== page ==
Exploit Code Published for Apple OS X Glitch
Researchers have published exploit code that targets an unpatched kernel vulnerability in Apples OS X desktop software.
An independent vulnerability analyst working as part of the "Month of Kernel Bugs" campaign released the details necessary to attack the hole in OS X on Nov. 22, revealing the manner in which hackers could target the glitch, which affects the way Apples software handles disk image files.
The researcher, identified only by the screen name "LMH," issued the exploit via a post on the Kernel Fun Web site.
"Mac OS X fails to properly handle corrupted image structures, leading to an exploitable denial of service condition," LMH wrote in his latest blog.
"Although it hasnt been checked further, memory corruption is present under certain conditions."
The researcher said that the demonstration exploit offered on the site would be unlikely to allow arbitrary code execution if applied by attackers, however, the analyst indicated that the flaw could be taken advantage of by malware writers by targeting the manner in which Cupertino, Calif.-based Apples Safari browser downloads online image files.
Apple representatives didnt immediately return calls seeking comment on the exploit.
Security researchers at Secunia rated the exploit as "highly critical," the software companys second most severe threat ranking, and said the attack could be used by local users to gain escalated privileges and utilized by malware writers to compromise a vulnerable system.
The Copenhagen, Denmark-based firm specifically said that the vulnerability is caused due to an error in the OS X AppleDiskImageController when the system is handling corrupted image files and can be exploited to cause a memory corruption.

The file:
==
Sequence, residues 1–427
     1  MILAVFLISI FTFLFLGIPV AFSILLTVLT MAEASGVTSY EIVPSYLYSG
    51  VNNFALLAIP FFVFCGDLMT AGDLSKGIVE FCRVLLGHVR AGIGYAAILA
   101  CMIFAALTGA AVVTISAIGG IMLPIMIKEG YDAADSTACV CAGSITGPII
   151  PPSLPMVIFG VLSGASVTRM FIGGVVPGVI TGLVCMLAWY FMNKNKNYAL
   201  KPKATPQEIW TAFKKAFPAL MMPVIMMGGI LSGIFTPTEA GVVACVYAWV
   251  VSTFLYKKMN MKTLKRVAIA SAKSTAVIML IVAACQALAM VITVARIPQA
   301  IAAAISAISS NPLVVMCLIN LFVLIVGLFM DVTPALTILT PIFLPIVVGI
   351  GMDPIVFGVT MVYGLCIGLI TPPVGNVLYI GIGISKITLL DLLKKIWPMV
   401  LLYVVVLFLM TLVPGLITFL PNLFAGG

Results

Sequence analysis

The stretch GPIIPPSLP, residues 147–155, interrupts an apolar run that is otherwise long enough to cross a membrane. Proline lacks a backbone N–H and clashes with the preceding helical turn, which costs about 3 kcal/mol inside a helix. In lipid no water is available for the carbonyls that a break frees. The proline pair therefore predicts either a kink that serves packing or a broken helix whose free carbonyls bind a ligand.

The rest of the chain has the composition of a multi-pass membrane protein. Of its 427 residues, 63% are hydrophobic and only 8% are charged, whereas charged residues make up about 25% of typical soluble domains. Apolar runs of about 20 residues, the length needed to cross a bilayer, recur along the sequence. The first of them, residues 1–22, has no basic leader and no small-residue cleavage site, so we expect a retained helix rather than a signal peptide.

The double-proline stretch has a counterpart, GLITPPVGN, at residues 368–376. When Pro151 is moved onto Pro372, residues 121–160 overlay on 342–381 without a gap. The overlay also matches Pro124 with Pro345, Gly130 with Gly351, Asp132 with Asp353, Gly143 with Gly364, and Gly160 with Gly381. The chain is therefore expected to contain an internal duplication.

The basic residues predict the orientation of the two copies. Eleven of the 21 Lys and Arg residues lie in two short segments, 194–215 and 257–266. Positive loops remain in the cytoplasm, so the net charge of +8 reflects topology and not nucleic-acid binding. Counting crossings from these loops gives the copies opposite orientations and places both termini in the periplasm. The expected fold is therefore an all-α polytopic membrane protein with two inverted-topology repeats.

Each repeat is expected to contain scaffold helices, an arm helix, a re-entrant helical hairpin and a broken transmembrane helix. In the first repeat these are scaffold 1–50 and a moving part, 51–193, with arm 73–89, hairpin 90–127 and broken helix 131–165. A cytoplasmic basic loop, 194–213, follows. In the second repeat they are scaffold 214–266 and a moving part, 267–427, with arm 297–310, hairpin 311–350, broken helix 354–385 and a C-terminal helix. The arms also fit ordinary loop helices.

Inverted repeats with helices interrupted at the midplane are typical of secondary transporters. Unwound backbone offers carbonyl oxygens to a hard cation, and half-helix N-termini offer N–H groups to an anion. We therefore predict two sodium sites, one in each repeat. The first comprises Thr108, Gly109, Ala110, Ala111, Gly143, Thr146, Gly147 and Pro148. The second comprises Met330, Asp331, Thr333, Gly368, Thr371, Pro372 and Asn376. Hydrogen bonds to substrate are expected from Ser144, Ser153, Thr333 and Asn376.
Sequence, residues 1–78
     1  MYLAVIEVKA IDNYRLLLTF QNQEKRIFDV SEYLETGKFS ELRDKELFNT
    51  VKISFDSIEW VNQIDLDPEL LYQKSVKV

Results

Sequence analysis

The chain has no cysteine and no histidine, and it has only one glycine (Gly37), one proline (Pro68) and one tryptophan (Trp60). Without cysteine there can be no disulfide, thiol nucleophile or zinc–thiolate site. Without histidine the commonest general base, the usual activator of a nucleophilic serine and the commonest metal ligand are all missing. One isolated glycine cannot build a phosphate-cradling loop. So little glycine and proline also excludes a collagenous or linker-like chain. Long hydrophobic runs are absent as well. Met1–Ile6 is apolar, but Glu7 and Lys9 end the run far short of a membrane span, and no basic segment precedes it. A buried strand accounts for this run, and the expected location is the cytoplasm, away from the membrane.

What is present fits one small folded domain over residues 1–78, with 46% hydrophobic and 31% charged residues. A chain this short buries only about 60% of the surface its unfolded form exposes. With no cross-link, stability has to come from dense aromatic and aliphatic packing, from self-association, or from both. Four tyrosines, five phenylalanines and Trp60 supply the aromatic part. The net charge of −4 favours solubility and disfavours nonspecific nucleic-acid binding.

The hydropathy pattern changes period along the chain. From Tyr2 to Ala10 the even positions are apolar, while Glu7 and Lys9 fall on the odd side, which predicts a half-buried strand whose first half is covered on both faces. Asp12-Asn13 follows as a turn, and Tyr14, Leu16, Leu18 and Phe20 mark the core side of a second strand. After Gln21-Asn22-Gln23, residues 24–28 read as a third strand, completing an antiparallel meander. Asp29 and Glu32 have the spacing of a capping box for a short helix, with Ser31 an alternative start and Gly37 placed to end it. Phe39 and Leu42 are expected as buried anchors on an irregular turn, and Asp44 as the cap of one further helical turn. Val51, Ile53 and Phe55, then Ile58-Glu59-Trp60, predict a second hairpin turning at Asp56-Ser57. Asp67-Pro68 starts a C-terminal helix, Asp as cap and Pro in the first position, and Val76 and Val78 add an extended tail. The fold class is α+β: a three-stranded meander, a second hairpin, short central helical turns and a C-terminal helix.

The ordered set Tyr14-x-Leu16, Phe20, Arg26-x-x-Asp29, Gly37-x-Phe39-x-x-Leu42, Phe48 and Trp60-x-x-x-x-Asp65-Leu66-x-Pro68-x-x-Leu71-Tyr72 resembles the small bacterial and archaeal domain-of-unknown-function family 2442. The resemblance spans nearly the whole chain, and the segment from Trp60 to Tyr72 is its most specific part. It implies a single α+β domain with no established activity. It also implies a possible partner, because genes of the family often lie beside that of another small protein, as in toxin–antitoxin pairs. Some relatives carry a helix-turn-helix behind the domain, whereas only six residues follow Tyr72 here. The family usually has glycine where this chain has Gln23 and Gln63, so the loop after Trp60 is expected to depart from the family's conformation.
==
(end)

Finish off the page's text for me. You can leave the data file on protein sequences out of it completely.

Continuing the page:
Such an attack could lead to execution of arbitrary code in kernel-mode, Secunia said in a post to its Web site.
Starting on Nov. 1, a loosely federated collection of independent security researchers launched the Month of Kernel Bugs project in an effort to bring attention to known vulnerabilities in operating system kernels. The group plans to release one new exploit aimed at an unpatched flaw in an OS kernel for each day during the month.
The first exploits released by the group targeted another Apple flaw existing in the wireless drivers of its PowerBook notebook computers, while other exploits introduced by the group have highlighted issues in Microsoft Windows and Linux-based software.
In a report released earlier his month, researchers at antivirus market leader Symantec highlighted the growing number of vulnerabilities being discovered in Apples software, which has long avoided the same volume of attacks aimed at Microsofts Windows OS.
Symantec researchers said that vulnerabilities discovered in Apple software typically allow for local privilege escalation, client-side code execution, and remote code execution.
While the company said that exploiting the vulnerabilities in OS X is "not notably more or less difficult" than doing so on most other platforms, hackers have yet to target the Apple flaws as aggressively as they have pursued similar issues in Microsoft products.